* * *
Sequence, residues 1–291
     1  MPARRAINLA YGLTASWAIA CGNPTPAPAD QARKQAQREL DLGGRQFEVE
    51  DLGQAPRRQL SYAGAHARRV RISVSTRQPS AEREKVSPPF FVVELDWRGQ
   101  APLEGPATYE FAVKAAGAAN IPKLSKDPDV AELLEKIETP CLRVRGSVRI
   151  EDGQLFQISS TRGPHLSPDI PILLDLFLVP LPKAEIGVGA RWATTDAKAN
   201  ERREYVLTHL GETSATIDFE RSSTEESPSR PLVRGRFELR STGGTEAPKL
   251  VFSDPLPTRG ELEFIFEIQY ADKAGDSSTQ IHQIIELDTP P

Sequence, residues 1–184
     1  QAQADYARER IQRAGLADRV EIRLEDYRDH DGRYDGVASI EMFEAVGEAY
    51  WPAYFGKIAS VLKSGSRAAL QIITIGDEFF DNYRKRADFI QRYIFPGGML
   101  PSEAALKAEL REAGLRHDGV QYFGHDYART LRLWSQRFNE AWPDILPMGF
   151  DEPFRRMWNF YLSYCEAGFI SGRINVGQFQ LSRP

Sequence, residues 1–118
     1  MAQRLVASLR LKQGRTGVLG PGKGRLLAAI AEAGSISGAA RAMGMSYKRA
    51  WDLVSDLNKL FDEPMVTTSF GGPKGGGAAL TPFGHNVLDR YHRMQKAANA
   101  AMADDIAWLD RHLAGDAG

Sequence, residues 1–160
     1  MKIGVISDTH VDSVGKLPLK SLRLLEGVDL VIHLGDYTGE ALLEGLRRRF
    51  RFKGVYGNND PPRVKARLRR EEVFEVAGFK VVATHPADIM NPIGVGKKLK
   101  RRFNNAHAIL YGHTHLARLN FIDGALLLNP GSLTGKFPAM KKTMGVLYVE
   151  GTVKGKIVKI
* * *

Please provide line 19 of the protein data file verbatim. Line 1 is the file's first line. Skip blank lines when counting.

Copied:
    51  RFKGVYGNND PPRVKARLRR EEVFEVAGFK VVATHPADIM NPIGVGKKLK